by clicking the arrows at the side of the page, or by using the toolbar.
by clicking anywhere on the page.
by dragging the page around when zoomed in.
by clicking anywhere on the page when zoomed in.
web sites or send emails by clicking on hyperlinks.
Email this page to a friend
Search this issue
Index - jump to page or section
Archive - view past issues
Golf Australia Express : September 2013
we wear are now almost as important to our feeling of wellbeing on the course as our ball selection and choice of playing partner. Where once, a round of golf meant simply throwing on whichever old pair of khakis and white polo shirt had the least number of stain, now your choice of attire requires more forethought than your club selection when the scores are tied as you stand on the 18th fairway. ONTHE SURFACE, THE idea of dressing well for your weekly round really doesn’t make a lot of sense. You’re kitting yourself out in your Sunday best—likely at considerable expense—for the express pleasure of looking good in front of (at most) three playing partners, who are most likely of the same sex, and the handful of people you’ll pass on the stroll from the 18th green to the carpark. But that hasn’t stopped the golfing world’s ever-expanding obsession with increasingly garish ensembles, matching tops and bottoms, designer threads and shoes that sparkle. Nothing should really surprise us when it comes to golf fashion. This is the sport, after all, that for decades embraced the wearing of socks outside of one’s trousers. But Ben Hogan would no doubt be turning in his grave if he strode to the tee box and saw some of the kits currently out there on course each week. Rickie Fowler, with his trademark neon Sunday orange, encapsulates the new generation of bold and bright when it comes to flaunting the full feather on the fairways.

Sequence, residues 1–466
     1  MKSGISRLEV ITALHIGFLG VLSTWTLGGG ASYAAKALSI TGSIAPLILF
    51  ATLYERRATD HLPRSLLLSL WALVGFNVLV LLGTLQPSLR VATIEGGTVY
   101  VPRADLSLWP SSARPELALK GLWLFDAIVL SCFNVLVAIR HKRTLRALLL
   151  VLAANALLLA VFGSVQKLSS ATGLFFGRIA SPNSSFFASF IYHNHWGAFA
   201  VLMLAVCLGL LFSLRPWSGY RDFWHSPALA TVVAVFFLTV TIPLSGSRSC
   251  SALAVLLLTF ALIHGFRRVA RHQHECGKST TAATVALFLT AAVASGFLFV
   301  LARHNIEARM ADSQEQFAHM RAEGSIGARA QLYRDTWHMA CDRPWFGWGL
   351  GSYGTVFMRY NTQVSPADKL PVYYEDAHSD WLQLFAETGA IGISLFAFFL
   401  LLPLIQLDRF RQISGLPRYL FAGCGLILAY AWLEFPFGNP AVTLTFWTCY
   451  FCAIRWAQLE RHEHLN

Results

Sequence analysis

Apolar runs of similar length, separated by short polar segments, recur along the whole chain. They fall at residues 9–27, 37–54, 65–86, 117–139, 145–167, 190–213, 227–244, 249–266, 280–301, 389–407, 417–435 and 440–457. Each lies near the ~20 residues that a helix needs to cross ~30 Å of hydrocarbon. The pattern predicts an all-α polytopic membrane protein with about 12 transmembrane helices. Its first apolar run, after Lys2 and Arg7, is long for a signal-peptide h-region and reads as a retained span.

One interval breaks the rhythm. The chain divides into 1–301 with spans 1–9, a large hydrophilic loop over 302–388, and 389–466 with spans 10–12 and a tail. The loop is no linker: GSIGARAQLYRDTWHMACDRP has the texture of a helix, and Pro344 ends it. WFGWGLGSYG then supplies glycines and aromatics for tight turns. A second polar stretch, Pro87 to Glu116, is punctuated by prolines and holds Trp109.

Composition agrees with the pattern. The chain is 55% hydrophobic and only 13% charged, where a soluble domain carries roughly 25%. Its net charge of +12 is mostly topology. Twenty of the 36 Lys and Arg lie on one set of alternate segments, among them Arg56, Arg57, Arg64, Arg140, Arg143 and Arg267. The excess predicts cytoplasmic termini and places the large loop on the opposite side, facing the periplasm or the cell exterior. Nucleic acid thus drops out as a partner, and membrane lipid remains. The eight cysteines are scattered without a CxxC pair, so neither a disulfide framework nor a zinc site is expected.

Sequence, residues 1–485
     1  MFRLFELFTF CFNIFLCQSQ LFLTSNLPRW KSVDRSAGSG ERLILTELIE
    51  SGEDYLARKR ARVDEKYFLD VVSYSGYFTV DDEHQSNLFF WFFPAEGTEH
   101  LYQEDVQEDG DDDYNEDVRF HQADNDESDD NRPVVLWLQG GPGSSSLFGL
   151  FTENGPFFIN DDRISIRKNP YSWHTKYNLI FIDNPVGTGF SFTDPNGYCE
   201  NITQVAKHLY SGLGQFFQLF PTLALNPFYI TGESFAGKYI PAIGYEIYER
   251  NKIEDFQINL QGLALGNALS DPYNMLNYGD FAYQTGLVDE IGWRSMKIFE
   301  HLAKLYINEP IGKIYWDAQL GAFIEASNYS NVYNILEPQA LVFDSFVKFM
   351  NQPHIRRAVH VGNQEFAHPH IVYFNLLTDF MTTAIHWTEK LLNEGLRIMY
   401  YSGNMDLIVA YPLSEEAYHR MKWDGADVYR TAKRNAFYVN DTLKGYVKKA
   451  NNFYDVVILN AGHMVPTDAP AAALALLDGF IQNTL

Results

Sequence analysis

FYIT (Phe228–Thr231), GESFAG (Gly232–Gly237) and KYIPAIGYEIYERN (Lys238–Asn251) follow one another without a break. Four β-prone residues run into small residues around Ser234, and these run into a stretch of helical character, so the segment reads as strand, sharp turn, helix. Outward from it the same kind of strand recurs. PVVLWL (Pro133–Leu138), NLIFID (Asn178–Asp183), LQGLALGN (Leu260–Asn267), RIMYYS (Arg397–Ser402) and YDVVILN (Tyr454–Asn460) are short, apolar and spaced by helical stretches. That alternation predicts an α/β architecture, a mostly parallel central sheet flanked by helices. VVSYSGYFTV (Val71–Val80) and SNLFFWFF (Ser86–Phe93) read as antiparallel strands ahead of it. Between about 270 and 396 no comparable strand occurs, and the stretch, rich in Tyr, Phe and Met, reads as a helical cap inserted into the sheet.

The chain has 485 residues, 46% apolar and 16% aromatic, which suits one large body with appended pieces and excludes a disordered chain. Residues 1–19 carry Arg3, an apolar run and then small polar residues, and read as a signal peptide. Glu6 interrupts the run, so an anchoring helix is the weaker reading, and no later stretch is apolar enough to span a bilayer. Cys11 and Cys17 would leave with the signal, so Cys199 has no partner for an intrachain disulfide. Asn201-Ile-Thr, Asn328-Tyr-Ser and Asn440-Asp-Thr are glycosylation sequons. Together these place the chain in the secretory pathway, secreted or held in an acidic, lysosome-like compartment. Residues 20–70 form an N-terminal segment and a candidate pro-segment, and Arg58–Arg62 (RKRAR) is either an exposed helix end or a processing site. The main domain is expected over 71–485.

August 2013 - PGA Championship
October 2013 - United Colours of Golf